Google dips into the smart grid and monitoring of power usage

Posted by Wolfgang Gruener

Mountain View (CA) – We are used to the sometimes dozens, often apparently unconnected, announcements coming out of Google every week. But once in a while, there is this one announcement that just reminds us just how big Google has become and how important its drive for innovation may be for our everyday life. Google’s PowerMeter is such a project and if it will grow into what Google envisions it to be, it will allow you to dissect your power bill, identify which appliance consumes how much power and how you can make your home much more power efficient.



PowerMeter was announced as part of Google’s Google.org organization and will be made available as a desktop widget. As part of Google’s first step into the smart grid and its effort to digitize our “1950s-era electricity grid”, the goal is to provide both consumers and utilities with near real-time energy consumption information through this tool. Of course, that will only work, if homes are equipped with so-called smart meters, energy meters that provide information about power consumption of specific devices. According to Google, there are currently about 40 million smart meters in use worldwide, with plans to add another 100 million in the next few years.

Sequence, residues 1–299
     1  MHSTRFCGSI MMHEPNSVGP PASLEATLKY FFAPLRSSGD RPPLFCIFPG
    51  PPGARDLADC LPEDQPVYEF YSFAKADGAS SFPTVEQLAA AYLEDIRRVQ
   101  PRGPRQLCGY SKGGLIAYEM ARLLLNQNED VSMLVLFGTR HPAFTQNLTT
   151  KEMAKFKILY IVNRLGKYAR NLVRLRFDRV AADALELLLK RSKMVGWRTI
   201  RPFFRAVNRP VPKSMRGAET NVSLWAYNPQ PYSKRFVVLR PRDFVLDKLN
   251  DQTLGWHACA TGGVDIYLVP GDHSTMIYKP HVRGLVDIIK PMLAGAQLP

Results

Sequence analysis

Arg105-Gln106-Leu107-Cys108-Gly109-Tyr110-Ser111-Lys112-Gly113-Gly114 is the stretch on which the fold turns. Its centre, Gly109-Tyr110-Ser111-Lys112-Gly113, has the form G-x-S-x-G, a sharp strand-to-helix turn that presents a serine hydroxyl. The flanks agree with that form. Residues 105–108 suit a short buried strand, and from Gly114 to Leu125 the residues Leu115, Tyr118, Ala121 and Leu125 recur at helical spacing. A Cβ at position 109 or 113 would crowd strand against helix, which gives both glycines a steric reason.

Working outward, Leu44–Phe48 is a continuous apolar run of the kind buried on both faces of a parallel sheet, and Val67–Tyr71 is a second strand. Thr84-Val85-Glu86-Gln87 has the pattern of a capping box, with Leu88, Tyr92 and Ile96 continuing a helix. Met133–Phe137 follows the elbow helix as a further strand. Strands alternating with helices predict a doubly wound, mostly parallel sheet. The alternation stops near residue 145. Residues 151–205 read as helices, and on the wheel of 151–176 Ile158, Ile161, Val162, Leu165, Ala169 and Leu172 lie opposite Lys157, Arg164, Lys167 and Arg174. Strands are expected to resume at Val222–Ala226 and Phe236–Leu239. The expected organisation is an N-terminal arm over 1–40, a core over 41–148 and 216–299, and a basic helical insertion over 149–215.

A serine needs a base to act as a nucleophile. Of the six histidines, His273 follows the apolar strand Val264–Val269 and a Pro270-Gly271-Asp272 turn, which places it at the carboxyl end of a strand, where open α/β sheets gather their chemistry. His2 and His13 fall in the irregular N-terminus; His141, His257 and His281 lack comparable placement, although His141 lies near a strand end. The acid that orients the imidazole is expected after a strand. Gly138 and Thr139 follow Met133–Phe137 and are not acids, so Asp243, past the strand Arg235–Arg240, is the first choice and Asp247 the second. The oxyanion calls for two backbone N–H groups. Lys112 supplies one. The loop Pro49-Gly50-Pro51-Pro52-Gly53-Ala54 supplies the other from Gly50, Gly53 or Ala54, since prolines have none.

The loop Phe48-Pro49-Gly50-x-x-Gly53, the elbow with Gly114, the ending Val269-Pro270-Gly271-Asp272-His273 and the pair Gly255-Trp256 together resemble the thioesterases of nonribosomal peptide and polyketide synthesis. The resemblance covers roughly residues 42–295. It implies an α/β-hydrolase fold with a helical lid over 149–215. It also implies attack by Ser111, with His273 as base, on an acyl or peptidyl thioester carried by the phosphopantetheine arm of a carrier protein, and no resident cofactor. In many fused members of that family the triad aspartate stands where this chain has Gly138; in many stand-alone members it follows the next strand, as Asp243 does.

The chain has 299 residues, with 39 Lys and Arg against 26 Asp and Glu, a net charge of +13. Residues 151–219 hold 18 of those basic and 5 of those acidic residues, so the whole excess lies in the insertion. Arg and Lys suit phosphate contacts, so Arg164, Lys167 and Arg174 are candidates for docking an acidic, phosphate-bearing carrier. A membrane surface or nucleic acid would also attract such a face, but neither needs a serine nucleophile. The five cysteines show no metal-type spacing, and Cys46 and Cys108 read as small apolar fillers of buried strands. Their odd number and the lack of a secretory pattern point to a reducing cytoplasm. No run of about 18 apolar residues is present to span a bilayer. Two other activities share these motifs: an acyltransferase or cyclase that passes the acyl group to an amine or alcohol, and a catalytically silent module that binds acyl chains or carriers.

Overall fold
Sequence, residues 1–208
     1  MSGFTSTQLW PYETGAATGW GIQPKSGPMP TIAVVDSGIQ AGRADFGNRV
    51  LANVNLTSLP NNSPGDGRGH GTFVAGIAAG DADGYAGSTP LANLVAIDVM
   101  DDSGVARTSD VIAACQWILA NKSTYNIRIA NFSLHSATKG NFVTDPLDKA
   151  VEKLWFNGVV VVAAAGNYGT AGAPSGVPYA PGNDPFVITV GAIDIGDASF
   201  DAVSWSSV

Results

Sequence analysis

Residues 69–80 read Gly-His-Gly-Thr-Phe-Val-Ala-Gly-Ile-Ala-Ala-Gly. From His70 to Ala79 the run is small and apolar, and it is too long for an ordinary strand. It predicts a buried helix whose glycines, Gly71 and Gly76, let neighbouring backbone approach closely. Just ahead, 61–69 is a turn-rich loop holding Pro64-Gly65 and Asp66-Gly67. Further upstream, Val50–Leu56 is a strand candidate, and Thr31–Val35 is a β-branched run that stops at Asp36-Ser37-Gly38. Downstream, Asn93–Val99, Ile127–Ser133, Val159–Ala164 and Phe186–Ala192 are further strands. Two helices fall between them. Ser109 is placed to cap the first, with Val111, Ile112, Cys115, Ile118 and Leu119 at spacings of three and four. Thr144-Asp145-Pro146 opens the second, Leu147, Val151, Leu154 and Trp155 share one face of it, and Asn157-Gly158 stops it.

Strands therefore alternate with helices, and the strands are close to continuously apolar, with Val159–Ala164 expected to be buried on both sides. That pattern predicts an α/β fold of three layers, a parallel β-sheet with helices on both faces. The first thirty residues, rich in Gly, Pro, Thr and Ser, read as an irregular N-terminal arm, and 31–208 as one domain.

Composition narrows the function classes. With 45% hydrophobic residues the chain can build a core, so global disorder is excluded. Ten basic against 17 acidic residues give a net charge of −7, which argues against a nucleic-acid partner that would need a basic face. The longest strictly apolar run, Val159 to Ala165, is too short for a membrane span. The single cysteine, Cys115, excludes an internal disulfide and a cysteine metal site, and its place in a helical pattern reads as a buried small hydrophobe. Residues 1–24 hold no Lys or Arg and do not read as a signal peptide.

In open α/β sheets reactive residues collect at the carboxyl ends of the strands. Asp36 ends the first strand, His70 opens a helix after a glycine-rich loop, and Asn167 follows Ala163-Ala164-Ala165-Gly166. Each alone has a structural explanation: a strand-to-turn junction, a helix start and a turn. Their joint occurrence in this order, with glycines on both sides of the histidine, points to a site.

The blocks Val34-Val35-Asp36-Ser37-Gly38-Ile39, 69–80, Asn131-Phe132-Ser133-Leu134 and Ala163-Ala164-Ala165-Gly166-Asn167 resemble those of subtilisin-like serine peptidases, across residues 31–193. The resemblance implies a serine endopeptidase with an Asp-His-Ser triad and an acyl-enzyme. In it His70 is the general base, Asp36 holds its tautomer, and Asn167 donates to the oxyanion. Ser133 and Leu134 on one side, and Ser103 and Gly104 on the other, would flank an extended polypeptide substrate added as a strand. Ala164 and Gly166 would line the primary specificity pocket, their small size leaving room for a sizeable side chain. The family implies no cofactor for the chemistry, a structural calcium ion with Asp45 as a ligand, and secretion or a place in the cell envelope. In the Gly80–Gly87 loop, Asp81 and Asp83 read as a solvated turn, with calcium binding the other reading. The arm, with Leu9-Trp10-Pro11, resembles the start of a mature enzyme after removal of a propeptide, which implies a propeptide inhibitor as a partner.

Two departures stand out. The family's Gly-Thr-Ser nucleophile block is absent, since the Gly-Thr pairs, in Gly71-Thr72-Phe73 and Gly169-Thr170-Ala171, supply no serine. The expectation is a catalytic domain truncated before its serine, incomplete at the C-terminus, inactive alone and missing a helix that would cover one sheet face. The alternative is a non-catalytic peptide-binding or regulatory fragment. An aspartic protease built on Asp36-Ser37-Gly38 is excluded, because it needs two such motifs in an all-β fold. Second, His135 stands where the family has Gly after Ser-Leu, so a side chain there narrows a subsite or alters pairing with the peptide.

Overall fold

The benefit to consumers is that your energy bill suddenly becomes much more transparent. The PowerMeeter will allow you determine which devices consume the lion’s share of your power and how slight adjustments may impact your power consumption and bill. For example, it would be much easier to find out how much electricity and money could be saved by adjusting the room temperature in the summer and use that air conditioner less often or not quite so extensively. To provide with such data, Google proposed that “open protocols and standards should serve as the cornerstone of smart grid projects, to spur innovation, drive competition, and bring more information to consumers as the smart grid evolves.”

Google said it is currently testing its PowerMeter in-house and intends to make it widely available once partnerships with utilities and device manufacturers have been formed. Google hopes that the PowerMeter will contribute to 5 – 15% in overall energy savings.